Effect of cross aspect ratio on flow in diverging and converging microchannel

[+] Author and Article Information
Vijay S Duryodhan

Indian Institute of Technology Bombay, Powai, Mumbai, 400076, India

Shiv G Singh

Indian Institute of Technology Hyderabad, Hyderabad, 502205, India

Dr. Amit Agrawal

Indian Institute of Technology Bombay, Powai, Mumbai, 400076, India

1Corresponding author.

ASME doi:10.1115/1.4035945 History: Received September 15, 2016; Revised January 17, 2017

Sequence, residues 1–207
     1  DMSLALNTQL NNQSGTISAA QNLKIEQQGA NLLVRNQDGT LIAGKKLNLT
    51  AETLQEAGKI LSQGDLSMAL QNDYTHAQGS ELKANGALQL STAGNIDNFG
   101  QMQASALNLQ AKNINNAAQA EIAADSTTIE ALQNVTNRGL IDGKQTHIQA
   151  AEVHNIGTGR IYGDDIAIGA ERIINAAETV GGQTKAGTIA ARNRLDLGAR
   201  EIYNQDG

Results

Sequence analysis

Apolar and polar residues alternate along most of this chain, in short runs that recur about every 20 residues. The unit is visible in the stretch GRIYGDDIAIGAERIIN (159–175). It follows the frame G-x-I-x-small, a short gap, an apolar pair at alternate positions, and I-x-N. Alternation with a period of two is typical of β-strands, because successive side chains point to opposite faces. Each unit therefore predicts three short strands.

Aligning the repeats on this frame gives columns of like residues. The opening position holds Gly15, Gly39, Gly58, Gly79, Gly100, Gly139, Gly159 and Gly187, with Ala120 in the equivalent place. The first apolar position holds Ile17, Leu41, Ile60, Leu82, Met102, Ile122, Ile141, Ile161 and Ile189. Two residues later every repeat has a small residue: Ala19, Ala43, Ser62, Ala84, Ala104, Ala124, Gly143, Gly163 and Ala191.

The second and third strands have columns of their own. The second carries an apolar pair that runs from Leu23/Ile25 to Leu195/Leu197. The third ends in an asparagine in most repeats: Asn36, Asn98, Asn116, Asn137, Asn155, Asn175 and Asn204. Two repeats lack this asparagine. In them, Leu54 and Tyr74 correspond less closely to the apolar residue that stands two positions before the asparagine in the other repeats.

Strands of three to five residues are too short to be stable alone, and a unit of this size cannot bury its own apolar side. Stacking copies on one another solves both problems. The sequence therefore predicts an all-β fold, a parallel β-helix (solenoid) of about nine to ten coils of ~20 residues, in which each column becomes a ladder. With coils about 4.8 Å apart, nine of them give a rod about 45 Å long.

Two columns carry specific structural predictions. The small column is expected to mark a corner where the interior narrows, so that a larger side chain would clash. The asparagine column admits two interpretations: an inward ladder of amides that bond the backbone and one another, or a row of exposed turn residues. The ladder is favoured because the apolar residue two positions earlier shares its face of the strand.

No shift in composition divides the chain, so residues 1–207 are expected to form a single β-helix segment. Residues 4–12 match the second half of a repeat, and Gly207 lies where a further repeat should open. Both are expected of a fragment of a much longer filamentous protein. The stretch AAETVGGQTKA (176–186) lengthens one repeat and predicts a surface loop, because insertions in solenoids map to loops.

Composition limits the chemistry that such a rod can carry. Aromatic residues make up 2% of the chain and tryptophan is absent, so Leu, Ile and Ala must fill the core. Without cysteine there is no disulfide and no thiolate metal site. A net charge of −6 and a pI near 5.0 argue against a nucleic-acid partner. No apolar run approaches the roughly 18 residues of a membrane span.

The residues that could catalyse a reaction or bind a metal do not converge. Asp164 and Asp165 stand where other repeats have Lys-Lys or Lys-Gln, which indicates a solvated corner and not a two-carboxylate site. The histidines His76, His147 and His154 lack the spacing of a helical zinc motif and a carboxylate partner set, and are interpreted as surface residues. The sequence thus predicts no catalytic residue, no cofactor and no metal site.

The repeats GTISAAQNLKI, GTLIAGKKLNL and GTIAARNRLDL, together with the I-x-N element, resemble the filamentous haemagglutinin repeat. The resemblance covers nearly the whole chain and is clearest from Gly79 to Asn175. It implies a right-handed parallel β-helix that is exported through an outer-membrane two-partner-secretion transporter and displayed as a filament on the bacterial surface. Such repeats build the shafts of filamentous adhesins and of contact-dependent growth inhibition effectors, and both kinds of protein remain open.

Aspect ratio is an important parameter in the study of flow through non-circular microchannel. In this work, three-dimensional numerical study is carried out to understand the effect of cross aspect ratio (height to width) on flow in diverging and converging microchannels. Three-dimensional models of diverging and converging microchannels with angle 2–14°, aspect ratio 0.05–0.58, and Reynolds number range of 130–280, are employed in the simulations with water as the working fluid. The effects of aspect ratio on pressure drop in equivalent diverging and converging microchannels are studied in detail. At small aspect ratio and small Reynolds number, the pressure drop remains invariant of angle in both diverging and converging microchannels; the concept of equivalent hydraulic diameter can be applied to these situations. Onset of flow separation is found to be a strong function of cross section aspect ratio. The existence of a critical angle with relevance to the concept of equivalent hydraulic diameter is identified and its variation with Reynolds number is discussed. Finally, the effect of aspect ratio on fluidic diodicity is discussed which will be helpful in the design of valveless micropump. Although the effect of flow separation in diverging and flow acceleration in converging passages on deviation in flow behavior is known, such a strong dependence of these parameters on aspect ratio has not been shown earlier. These results help in extending the conventional formulae made for uniform cross sectional channel to that for diverging and converging microchannels.

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